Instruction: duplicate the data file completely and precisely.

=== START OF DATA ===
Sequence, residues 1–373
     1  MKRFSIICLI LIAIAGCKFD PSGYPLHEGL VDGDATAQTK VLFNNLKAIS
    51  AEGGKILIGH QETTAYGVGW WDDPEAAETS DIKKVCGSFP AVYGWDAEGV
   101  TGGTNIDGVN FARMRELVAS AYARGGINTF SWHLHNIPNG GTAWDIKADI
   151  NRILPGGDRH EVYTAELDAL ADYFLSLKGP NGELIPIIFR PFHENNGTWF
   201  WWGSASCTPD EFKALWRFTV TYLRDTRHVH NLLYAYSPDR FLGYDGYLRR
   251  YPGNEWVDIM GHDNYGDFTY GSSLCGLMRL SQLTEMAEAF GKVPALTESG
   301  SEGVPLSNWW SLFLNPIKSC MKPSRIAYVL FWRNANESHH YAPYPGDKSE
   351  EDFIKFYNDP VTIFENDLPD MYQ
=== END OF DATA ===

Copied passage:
Sequence, residues 1–373
     1  MKRFSIICLI LIAIAGCKFD PSGYPLHEGL VDGDATAQTK VLFNNLKAIS
    51  AEGGKILIGH QETTAYGVGW WDDPEAAETS DIKKVCGSFP AVYGWDAEGV
   101  TGGTNIDGVN FARMRELVAS AYARGGINTF SWHLHNIPNG GTAWDIKADI
   151  NRILPGGDRH EVYTAELDAL ADYFLSLKGP NGELIPIIFR PFHENNGTWF
   201  WWGSASCTPD EFKALWRFTV TYLRDTRHVH NLLYAYSPDR FLGYDGYLRR
   251  YPGNEWVDIM GHDNYGDFTY GSSLCGLMRL SQLTEMAEAF GKVPALTESG
   301  SEGVPLSNWW SLFLNPIKSC MKPSRIAYVL FWRNANESHH YAPYPGDKSE
   351  EDFIKFYNDP VTIFENDLPD MYQ